West Virginia motorists who are concerned about their safety when behind the wheel may be interested in knowing the part that auto insurers play in determining the crashworthiness of cars, trucks, and SUVs. The Insurance Institute for Highway Safety, a non-profit organization that is funded by the industry, puts vehicles of all sizes and categories through a series of crash tests and then ranks them according to the results. Although large cars are generally thought to be safer, not all of the large cars examined through early July 2017 have earned the IIHS's top accolade.
Five tests are conducted as part of the ranking process. One of them, the small overlap front test, is designed to measure a vehicle's response to a crash that impacts its front driver-side corner. This test simulates a collision with a stationary object such as a telephone pole. First used in 2012, the Tesla Model S, Chevrolet Impala and Ford Taurus all experienced problems with this test in 2017.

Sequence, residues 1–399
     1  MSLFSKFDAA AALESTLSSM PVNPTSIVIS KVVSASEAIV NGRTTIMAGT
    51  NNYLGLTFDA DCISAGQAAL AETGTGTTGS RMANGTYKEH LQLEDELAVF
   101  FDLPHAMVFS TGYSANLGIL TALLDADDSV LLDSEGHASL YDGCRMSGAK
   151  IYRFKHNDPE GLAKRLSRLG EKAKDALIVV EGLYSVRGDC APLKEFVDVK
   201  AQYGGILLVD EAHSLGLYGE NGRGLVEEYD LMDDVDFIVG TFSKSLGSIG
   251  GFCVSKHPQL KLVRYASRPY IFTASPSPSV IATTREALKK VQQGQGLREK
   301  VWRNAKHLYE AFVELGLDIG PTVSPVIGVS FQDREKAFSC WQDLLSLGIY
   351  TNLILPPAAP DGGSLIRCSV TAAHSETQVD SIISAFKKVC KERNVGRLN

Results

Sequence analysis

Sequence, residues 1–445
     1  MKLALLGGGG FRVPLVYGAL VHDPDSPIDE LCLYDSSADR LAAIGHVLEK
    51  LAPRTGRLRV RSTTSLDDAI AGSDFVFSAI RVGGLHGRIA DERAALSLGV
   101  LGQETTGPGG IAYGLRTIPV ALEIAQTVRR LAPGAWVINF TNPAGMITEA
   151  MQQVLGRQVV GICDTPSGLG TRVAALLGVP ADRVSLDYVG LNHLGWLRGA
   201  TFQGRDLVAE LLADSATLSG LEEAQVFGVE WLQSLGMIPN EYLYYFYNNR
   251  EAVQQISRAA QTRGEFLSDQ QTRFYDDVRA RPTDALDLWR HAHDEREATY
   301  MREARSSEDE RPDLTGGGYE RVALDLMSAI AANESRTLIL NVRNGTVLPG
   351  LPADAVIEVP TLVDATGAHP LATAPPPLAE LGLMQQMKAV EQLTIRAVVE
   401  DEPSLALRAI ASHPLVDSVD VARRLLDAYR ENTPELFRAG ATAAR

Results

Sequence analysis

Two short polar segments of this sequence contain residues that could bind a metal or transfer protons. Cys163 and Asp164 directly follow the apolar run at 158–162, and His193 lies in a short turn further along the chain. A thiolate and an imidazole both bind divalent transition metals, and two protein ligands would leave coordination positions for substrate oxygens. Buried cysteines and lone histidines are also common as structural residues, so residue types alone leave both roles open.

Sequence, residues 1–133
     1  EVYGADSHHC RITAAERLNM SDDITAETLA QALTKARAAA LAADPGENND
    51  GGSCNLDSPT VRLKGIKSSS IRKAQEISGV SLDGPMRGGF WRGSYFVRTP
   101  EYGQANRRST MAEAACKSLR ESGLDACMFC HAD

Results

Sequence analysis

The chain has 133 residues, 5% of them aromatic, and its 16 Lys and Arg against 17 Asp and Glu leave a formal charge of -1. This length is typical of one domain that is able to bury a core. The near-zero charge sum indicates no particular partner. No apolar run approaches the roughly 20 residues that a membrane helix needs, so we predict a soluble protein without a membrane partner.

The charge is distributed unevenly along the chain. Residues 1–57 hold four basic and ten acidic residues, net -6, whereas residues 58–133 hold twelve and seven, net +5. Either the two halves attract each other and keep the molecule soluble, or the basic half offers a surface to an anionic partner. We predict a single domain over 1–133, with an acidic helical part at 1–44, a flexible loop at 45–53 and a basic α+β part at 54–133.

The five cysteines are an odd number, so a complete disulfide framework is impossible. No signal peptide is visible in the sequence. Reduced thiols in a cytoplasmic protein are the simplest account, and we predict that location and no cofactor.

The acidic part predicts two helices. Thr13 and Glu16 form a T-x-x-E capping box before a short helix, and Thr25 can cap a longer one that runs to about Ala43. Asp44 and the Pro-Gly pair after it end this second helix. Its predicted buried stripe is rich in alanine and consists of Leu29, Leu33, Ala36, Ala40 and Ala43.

According to a vice president for the IIHS, the Model S's seat belt is not strong enough. In tests, the head of the dummy that was used to simulate a driver struck the steering wheel upon impact. In what was its first-ever test for small overlap protection, the Impala also left its dummy's head partially unprotected. The Taurus exposed its dummy's lower left leg to injuries in the crash.
Regardless of the crashworthiness of a vehicle, car accidents can result in serious injuries that require lengthy periods of expensive medical treatment. When an accident is due to the negligence of another driver, injured victims might want to meet with an attorney to see how best to seek compensation for those and other expenses.